Taiwan has established strong economic links and robust interpersonal ties in the region. It is time to bolster other aspects, including culture, science and technology, which would lead to further progress in developing ties and foster regional links, especially in the post-COVID-19 pandemic era.
One important step would be to adopt countries’ specific policies within the broader context of the policy. For example, Singapore and Malaysia are fast-emerging economies, while countries such as Cambodia and Laos are relatively weaker. Therefore, Taiwan’s outreach should be different with each member states. Within the policy and its outreach to ASEAN, it needs to devise sub-regional action plans on the basis of mutual benefit.
The China factor looms large in elevating areas of cooperation with ASEAN. Even though both sides are moving beyond the China factor, ASEAN and its member states still need to expeditiously explore ways to manage ties with China and Taiwan. It is in the interest of ASEAN members to diversify their relations and engage with Taiwan while safeguarding ASEAN centrality. It is time to look toward Taiwan purposefully, and perhaps establish unofficial dialogue partnerships with Taiwan.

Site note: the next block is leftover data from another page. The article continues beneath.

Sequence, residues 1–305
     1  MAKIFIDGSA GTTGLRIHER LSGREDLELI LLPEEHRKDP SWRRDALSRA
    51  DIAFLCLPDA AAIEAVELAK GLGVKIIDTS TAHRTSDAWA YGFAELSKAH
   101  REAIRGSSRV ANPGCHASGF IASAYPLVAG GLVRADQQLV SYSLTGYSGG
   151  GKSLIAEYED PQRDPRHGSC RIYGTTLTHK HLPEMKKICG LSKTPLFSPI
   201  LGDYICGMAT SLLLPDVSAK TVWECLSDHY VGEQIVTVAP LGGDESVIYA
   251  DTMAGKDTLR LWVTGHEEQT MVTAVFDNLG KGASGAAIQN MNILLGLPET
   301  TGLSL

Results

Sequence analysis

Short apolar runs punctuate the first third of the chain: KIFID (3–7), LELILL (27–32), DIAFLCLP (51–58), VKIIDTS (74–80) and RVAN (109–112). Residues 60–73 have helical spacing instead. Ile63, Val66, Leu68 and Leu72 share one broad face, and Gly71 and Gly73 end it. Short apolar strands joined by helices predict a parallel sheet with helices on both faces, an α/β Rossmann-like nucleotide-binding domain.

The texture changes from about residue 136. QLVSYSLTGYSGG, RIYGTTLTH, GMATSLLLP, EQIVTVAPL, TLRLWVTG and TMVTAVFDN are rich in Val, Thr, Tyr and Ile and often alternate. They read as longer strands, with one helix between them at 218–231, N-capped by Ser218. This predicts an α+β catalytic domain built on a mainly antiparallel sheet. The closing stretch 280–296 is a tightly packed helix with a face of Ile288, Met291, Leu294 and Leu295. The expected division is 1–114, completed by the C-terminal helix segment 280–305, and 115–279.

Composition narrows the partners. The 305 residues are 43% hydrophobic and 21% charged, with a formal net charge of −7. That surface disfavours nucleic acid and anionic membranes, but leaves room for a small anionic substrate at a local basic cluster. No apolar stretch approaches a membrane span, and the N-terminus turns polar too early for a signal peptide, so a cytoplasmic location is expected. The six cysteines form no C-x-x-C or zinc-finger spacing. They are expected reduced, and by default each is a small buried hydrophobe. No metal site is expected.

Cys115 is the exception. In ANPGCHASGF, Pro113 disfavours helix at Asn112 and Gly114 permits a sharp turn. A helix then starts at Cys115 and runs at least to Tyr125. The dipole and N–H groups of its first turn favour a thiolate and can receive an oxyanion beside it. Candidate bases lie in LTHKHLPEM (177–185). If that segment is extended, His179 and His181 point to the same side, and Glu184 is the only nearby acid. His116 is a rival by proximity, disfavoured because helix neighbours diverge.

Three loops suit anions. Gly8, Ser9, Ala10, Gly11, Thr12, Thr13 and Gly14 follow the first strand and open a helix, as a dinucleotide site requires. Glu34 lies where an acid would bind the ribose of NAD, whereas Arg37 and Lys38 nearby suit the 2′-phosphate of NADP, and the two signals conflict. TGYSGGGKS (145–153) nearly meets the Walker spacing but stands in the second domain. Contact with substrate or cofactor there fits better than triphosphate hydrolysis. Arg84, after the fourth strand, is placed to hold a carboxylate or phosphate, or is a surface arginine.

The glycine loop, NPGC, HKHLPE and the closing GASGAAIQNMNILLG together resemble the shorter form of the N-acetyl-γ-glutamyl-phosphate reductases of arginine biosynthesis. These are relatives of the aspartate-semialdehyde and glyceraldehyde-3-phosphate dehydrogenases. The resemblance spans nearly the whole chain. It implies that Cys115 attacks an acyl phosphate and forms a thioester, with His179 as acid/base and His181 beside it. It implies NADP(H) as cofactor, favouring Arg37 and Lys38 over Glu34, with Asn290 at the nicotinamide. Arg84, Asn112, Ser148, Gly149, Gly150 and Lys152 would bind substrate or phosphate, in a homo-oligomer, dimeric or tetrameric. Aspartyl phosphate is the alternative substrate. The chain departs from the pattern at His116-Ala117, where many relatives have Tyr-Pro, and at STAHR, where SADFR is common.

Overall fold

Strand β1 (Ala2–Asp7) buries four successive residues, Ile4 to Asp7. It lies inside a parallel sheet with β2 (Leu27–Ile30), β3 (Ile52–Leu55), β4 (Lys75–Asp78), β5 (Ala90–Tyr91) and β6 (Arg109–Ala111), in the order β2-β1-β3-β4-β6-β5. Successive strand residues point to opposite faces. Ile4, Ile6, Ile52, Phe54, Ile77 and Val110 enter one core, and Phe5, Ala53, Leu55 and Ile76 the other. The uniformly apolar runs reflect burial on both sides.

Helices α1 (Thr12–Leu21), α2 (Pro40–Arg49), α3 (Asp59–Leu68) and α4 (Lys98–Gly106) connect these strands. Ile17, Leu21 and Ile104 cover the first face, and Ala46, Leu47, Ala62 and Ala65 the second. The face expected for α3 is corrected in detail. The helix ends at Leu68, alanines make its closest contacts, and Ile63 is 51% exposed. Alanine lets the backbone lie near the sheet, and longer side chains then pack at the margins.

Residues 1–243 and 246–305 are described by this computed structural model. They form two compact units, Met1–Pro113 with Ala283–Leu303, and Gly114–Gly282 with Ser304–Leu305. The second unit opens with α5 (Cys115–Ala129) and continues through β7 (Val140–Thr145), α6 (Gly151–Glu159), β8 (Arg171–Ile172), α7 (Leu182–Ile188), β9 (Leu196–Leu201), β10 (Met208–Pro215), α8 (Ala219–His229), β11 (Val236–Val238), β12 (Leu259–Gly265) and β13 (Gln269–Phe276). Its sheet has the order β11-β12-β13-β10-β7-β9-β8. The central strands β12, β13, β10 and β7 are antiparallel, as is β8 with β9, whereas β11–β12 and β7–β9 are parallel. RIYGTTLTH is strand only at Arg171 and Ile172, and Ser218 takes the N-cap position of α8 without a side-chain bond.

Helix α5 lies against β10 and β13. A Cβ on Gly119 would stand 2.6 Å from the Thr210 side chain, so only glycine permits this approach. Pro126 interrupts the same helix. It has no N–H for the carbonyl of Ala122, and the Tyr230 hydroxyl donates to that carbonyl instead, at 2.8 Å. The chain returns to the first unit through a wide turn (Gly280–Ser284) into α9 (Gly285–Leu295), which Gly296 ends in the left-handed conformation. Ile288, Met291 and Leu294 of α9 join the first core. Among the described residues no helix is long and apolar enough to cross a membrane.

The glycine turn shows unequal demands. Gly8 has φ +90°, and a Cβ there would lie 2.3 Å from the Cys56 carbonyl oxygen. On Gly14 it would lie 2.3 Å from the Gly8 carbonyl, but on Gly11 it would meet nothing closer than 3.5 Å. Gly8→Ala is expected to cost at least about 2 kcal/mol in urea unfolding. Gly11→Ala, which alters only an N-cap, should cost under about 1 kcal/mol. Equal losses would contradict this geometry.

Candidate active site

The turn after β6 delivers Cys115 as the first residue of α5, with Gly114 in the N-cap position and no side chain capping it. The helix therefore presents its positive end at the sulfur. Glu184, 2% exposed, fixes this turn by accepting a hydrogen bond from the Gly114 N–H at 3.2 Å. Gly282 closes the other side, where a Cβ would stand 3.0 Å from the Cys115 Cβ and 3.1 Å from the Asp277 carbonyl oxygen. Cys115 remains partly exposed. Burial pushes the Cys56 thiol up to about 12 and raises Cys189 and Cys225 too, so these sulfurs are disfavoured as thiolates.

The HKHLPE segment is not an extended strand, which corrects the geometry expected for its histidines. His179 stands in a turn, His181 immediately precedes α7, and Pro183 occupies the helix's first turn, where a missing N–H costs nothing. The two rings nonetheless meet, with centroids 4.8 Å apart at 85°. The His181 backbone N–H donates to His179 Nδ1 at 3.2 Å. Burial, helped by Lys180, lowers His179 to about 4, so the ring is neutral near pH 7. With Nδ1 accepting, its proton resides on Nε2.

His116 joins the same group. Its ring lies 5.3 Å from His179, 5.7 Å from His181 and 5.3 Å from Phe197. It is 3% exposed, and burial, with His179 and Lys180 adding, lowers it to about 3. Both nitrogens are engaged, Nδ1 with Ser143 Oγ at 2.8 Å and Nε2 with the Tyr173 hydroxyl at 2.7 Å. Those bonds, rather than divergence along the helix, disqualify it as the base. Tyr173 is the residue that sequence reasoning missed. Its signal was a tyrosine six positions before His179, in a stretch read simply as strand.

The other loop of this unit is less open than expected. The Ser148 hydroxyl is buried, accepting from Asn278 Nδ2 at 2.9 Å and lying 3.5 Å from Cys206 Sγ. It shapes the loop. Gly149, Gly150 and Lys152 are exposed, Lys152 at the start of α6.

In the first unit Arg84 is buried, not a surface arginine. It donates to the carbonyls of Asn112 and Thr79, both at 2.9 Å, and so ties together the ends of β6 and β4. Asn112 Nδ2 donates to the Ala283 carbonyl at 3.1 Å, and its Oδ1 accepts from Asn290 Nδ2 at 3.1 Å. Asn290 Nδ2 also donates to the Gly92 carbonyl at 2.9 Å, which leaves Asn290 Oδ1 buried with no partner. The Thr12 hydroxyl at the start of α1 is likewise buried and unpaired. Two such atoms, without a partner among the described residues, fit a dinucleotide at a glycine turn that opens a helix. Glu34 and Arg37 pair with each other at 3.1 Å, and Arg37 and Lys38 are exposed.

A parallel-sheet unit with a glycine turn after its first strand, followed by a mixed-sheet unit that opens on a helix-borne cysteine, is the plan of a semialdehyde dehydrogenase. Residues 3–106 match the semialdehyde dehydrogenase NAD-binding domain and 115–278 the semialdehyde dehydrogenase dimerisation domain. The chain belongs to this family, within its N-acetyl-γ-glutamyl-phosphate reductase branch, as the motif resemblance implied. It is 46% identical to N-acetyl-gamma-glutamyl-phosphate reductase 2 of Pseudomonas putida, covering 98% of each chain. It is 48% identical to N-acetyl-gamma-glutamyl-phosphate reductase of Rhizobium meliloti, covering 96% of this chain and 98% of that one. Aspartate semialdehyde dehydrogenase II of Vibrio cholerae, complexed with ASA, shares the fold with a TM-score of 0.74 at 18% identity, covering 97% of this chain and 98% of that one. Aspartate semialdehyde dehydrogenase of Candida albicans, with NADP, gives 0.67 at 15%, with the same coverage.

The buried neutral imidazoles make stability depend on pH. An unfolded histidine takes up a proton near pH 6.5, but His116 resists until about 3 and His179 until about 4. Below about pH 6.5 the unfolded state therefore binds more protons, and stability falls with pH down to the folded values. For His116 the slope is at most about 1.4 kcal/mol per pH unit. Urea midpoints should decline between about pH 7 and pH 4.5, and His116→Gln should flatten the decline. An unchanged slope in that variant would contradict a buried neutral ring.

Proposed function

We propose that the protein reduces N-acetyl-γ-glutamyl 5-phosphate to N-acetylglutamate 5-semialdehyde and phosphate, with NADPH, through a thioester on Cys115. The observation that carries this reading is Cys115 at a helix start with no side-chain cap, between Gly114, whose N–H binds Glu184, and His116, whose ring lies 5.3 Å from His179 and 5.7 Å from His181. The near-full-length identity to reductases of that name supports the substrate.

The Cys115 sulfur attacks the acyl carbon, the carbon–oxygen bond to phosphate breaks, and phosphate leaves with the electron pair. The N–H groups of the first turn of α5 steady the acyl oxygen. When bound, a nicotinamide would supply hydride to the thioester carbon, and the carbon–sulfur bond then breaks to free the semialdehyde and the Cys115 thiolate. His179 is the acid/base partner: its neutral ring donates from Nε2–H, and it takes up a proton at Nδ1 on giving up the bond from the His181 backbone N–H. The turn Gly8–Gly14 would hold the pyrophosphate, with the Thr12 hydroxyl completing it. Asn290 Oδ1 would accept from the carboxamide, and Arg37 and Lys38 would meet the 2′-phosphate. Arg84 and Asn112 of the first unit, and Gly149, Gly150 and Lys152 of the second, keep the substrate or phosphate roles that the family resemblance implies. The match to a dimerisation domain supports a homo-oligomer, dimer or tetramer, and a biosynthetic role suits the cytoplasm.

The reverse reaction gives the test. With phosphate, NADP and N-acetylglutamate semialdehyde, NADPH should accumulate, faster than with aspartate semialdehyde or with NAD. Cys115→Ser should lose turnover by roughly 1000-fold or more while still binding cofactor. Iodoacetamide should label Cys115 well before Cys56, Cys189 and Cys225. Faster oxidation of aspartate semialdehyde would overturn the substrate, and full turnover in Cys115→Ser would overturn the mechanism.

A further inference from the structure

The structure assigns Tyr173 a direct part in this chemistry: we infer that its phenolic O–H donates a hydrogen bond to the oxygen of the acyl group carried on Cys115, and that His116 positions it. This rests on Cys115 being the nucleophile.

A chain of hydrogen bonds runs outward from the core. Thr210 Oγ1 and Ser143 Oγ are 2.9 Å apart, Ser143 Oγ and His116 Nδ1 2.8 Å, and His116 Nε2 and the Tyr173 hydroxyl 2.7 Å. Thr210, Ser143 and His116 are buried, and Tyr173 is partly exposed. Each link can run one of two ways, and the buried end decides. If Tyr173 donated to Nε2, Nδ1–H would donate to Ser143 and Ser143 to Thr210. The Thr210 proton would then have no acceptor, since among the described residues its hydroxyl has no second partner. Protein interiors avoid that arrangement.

There is no doubt that Taiwan’s outreach and the New Southbound Policy have been successful in Southeast Asia. Based on the nation’s achievements, a consistent approach with a roadmap for future cooperation with the Southeast Asian countries would boost its efforts to elevate its ties in Southeast Asia, and enhance the New Southbound Policy along with it.
A focus on areas such as pandemic governance, developmental cooperation in the post-pandemic recovery, high-quality infrastructure investment, think-tank cooperation, educational ties, and fostering interpersonal connections could be emphasized more in Taiwan’s Indo-Pacific vision and the next phase of the New Southbound Policy.
Alan H. Yang is distinguished professor and deputy director of the Institute of International Relations at National Chengchi University, and executive director of the Taiwan Asia Exchange Foundation. Sana Hashmi is a visiting fellow at the Taiwan-Asia Exchange Foundation.